Martin Lewis gives his top tips on teaching your children how to save from an early age.
Children’s savings are the gift that keeps on giving. But our Money Saving Expert Martin Lewis says don’t just give your children cash, teach them how to get the best rates too.
What are the top paying children’s savings accounts?
Pay in £10-£100 a month and Halifax Kids' Regular Saver pays 6% fixed AER for a year, providing you make no withdrawals. You can apply in Halifax branches.
If you want to put cash away in your kids’ name – locked up - the Halifax Kids’ Fixed Saver pays 3%-3.2% AER fixed for 3-5 years, with a minimum deposit of £500. Withdrawals aren’t allowed and if you close the account early, you’ll be subject to a penalty of up to 365 days interest.
If you just want to save a lump sum so your child can withdraw it at any time, Virgin's Little Rock account pays a variable 3% AER - a great lesson in rate monitoring and switching if it drops.
What are the top junior ISA and child trust funds?
Under-18s born before 1 September 2002 or after 3 January 2011 can save £3,600 a year in junior ISAs. The current top payer is Coventry Building Society, giving a variable 3.25% AER. You can also choose to invest the money in various stock market funds in the hope of greater growth, but at greater risk.
Other under-18s, who were born outside of these dates, still have to use the child trust funds they opened with the government’s £250 voucher. They can transfer and add £3,600 per tax year in cash to Furness Building Society paying 3.05% AER.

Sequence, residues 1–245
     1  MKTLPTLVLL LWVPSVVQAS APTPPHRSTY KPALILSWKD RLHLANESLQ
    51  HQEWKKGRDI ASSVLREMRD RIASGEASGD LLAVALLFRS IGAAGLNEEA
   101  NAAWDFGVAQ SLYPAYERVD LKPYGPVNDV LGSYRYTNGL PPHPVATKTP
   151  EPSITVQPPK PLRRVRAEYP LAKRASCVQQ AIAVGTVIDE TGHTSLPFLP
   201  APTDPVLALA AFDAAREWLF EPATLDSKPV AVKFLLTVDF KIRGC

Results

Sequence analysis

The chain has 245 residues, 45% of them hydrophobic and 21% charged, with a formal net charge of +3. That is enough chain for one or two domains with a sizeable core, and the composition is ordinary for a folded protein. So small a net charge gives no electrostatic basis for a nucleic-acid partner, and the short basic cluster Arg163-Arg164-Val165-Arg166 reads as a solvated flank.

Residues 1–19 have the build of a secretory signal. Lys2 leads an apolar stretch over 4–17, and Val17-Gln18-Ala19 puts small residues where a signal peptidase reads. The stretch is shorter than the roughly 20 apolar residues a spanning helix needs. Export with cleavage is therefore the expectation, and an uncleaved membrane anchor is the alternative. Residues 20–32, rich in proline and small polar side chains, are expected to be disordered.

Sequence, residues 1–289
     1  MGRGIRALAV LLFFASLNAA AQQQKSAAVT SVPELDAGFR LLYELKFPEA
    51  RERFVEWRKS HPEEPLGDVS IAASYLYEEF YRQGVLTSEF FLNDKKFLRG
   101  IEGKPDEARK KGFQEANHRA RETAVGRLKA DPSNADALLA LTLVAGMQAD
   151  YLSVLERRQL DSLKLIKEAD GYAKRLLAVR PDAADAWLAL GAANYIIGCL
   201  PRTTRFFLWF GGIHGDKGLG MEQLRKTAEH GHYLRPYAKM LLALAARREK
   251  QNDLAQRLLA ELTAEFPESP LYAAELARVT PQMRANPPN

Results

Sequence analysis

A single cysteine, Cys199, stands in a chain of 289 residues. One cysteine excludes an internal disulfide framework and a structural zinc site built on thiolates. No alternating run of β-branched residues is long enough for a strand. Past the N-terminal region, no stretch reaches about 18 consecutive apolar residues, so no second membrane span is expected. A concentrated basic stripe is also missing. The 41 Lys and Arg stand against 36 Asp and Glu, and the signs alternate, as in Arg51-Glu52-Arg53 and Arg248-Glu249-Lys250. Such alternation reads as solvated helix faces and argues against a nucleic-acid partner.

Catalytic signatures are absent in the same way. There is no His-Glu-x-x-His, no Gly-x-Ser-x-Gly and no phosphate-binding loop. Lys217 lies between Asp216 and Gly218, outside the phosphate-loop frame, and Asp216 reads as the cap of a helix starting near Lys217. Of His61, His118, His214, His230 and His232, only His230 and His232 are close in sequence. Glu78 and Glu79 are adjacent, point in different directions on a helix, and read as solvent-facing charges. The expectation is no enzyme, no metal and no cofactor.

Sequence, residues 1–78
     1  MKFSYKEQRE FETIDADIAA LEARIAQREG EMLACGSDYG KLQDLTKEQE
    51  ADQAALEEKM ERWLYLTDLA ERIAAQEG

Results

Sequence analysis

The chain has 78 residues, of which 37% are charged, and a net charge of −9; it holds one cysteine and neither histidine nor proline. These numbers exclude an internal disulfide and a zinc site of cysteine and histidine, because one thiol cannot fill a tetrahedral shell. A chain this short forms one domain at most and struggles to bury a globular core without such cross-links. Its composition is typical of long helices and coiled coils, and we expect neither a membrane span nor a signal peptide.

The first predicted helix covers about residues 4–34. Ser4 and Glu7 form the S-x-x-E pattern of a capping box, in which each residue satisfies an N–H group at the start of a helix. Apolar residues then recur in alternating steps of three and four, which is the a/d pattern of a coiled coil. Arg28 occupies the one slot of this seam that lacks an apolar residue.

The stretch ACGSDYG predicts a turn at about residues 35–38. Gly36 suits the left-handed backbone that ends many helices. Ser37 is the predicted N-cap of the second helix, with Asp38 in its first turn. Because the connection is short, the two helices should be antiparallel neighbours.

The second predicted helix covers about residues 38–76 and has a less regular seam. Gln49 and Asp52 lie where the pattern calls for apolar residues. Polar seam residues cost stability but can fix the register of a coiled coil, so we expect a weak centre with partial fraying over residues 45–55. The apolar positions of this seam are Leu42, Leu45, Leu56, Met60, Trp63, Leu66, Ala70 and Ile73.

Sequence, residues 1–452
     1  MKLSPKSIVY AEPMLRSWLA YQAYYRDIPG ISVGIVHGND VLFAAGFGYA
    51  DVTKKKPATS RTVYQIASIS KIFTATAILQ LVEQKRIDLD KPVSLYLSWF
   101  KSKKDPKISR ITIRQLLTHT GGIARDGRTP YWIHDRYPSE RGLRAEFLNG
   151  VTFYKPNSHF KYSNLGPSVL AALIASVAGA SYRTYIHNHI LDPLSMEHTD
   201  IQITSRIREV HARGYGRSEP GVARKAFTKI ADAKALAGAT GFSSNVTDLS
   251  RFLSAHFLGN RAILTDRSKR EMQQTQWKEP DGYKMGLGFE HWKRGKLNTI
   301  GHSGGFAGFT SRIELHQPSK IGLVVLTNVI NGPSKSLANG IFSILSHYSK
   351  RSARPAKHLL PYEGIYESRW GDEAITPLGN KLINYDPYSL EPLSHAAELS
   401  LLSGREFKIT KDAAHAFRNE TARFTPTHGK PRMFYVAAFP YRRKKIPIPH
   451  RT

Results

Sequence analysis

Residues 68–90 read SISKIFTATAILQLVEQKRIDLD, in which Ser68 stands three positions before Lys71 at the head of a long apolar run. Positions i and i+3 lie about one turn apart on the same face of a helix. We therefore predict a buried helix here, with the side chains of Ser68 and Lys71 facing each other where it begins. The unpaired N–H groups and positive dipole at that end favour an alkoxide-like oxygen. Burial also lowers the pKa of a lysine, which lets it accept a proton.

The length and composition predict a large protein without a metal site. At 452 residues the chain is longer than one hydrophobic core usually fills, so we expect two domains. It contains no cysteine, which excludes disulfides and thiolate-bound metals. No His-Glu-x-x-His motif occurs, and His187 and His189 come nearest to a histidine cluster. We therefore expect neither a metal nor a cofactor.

What to choose - kids' savings v junior ISAs?
Unless they earn over £8,105 a year, kids don’t pay tax, limiting the tax-free benefit of saving in junior ISAs. In which case go for the highest rate regardless of whether it’s a children’s savings account or a junior ISA. However, there are two exceptions:
1) If money is a gift from parents (not grandpa, aunty, etc) and earns £100 or more a year interest, then it is taxed at the parent’s tax rate – the only way to stop this is to put it in a junior ISA.
2) At 18, junior ISAs turn into normal ISAs, so if your child will have big savings then, more than enough to fill an adult ISA (£5,640) then putting it in a junior ISA now means it’ll stay tax-free then.
Are you saving for their 'university fund'?
If cash is in their name, remember it's theirs, not yours. For example at 18, they can spend junior ISA cash on a boozy holiday if they choose – so if you’re putting the money away for a set purpose, you need to know if they disagree, they win.
Plus beware of paying tuition fees upfront – many students won’t need to repay anything near to the cost of their tuition so you could potentially be throwing thousands down the drain. Under the current student loans system repayment only starts on earnings of £21,000 or more after graduation. Earn any less, and there’s no need to repay and after 30 years, the amount owed is wiped. So paying for them may not be the gift you think it is. You’d often be better saving up for a mortgage deposit instead.